The purpose of this paper is to examine the attitudinal differences between men and women with respect to work issues and leadership and the implications that these outlooks have in the US (USA) workforce. While studies have been conducted to show how men and women differ in the work and leadership styles, attitudes can affect how workers and leaders are treated and may explain why people behave the way that they do.
Using data from the 2010-2012 World Values Survey (WVS-6), comparisons were performed with the Mann-Whitney U test to determine if there were significant differences in attitudes and perceptions of work and leadership between men and women in the USA based on five questions concerning attitudes toward men and women in the workforce. The sample consisted of 1,070 males and 1,139 females who responded to questions using a Likert scale-rating system.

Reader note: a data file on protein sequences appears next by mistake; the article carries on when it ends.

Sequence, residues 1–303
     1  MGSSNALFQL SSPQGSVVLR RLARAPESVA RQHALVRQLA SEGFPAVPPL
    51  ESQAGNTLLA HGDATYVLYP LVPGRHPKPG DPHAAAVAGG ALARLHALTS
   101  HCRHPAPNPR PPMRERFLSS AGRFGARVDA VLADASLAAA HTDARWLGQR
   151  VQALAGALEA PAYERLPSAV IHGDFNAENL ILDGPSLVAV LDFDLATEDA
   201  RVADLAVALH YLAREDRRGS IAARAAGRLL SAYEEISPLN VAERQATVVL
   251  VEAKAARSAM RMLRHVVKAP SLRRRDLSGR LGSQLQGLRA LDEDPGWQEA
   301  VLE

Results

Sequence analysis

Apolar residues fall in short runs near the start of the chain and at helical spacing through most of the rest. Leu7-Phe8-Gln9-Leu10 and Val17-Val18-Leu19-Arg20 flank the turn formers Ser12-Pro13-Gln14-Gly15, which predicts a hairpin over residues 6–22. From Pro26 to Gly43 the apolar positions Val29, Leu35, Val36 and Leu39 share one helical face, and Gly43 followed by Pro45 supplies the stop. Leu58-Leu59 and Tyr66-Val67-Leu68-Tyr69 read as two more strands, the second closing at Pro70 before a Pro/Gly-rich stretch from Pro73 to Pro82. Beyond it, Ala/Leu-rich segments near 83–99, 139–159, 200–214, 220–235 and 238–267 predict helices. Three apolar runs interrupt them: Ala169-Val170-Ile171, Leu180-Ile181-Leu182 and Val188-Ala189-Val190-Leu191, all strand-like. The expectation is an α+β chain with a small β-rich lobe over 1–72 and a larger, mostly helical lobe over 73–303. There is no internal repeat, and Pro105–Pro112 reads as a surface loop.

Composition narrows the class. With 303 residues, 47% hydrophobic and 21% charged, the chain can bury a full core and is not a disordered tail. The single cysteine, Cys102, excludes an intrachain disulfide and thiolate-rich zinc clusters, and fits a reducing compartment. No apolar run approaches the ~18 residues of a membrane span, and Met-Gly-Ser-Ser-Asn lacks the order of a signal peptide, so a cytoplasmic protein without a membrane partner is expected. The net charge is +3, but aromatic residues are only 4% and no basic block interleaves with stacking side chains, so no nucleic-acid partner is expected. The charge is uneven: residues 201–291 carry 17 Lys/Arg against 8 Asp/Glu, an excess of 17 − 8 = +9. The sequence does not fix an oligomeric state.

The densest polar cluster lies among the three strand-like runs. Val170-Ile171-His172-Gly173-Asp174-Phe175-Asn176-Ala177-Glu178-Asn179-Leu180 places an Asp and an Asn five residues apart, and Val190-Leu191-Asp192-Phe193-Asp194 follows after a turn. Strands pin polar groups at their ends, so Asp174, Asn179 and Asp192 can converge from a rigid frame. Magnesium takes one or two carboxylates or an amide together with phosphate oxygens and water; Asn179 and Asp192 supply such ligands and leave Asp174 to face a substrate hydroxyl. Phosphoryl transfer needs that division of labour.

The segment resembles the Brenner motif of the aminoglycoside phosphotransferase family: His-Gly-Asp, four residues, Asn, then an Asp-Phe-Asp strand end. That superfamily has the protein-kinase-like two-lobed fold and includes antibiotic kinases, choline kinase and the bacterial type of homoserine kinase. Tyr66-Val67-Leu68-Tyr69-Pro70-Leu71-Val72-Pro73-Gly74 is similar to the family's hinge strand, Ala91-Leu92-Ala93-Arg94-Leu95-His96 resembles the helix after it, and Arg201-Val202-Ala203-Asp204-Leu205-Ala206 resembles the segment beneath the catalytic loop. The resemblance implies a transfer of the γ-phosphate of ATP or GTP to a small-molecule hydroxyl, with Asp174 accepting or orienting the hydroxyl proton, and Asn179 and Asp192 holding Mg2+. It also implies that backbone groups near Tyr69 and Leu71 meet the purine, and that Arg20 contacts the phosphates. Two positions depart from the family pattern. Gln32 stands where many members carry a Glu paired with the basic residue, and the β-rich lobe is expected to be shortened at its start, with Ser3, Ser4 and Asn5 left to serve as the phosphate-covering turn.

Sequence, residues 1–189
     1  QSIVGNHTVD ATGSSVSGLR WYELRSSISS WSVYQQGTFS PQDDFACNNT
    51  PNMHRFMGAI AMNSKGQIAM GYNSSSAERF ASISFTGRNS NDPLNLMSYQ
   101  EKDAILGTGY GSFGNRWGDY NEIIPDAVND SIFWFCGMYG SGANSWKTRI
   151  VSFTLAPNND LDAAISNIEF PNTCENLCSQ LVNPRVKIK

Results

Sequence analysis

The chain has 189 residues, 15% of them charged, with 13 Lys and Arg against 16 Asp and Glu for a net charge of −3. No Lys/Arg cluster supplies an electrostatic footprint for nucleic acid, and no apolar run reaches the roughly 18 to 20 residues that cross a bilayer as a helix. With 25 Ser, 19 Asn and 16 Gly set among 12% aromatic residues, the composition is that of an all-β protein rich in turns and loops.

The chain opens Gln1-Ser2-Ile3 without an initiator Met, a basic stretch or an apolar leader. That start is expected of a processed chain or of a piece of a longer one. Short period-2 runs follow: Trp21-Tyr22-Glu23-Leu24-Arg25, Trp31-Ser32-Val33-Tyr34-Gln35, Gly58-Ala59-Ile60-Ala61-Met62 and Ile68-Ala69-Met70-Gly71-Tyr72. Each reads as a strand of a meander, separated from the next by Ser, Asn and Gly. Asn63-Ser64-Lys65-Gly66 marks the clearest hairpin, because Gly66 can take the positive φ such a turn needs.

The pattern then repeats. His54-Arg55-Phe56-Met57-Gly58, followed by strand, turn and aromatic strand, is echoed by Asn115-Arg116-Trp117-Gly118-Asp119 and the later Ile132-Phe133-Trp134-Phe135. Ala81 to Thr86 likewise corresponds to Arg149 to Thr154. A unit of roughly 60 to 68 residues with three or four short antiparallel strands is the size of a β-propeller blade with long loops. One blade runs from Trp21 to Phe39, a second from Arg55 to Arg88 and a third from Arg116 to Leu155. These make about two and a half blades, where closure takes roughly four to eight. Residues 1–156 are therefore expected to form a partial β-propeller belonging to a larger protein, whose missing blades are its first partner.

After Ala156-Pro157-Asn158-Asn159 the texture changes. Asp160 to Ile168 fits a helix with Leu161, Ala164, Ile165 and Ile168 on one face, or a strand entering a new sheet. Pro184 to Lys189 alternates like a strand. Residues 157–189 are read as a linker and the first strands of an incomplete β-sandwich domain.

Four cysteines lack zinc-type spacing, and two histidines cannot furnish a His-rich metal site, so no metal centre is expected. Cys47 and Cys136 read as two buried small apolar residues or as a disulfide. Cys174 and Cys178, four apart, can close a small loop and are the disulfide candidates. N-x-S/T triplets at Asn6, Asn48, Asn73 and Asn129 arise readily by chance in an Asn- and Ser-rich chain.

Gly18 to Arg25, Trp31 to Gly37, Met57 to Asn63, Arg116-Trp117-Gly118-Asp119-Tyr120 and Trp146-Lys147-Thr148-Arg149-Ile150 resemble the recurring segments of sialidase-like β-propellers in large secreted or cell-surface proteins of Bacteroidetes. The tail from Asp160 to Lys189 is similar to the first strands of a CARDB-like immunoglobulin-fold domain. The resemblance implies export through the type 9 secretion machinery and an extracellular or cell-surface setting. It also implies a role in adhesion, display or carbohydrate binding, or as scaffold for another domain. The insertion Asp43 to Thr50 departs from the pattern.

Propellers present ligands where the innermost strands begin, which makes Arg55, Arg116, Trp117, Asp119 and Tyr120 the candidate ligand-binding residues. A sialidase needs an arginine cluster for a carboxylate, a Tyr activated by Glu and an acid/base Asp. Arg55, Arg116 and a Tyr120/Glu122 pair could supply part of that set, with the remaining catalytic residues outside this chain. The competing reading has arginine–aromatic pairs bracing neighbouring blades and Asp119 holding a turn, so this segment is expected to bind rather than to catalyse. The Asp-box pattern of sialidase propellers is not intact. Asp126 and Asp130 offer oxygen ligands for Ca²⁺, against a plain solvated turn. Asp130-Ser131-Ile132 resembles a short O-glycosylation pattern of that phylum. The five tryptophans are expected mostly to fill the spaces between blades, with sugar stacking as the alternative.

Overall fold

There were significant differences between males and females at the p < 0.01 level for four of the five questions. Men were more likely to believe that men have more rights to jobs when jobs are scarce. Women believed more than men that having a job was the best way for a woman to be independent. Men believed that they made better political leaders. Men also believed that they made better business executives. However, there was no significant difference in the question about women making more than men. Neither felt strongly that a woman earning more money than her husband would cause problems.
The research provides insight into factors that might affect how men and women perceive both their own group and the other group. It is important to ensure that gender perceptions are evaluated to address issues that may still persist and contribute to gender inequality in the workplace and how behaviors and attitudes of each gender affect roles and norms.
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